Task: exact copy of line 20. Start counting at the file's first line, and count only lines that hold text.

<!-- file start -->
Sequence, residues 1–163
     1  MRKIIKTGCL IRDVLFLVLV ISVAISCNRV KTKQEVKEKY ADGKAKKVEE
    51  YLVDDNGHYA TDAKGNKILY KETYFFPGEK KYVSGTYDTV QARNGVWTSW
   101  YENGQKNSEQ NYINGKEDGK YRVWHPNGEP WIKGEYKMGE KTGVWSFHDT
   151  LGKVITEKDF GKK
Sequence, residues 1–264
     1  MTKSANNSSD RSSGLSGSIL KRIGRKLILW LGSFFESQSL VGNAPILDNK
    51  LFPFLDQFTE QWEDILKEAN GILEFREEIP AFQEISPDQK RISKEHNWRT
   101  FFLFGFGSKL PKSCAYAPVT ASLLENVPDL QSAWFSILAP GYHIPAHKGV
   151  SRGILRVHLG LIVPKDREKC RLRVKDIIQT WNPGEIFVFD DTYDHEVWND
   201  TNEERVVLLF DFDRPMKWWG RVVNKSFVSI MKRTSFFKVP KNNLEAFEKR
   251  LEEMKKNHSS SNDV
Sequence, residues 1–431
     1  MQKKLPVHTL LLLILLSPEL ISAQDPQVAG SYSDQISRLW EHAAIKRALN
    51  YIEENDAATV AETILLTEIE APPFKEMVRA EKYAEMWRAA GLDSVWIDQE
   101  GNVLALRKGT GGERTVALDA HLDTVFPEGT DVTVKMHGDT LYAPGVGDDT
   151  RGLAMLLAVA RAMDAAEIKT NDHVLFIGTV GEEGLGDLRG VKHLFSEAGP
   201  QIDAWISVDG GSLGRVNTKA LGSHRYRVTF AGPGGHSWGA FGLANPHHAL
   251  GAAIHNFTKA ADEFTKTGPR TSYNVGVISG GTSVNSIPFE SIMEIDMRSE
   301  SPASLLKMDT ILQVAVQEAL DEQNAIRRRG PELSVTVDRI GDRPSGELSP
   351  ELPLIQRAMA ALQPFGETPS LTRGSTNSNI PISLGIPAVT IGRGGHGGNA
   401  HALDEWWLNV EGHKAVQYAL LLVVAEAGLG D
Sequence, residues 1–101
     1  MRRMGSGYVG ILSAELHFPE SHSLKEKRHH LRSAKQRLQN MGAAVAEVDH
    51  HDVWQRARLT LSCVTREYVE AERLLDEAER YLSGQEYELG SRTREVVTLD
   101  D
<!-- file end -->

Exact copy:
   301  SPASLLKMDT ILQVAVQEAL DEQNAIRRRG PELSVTVDRI GDRPSGELSP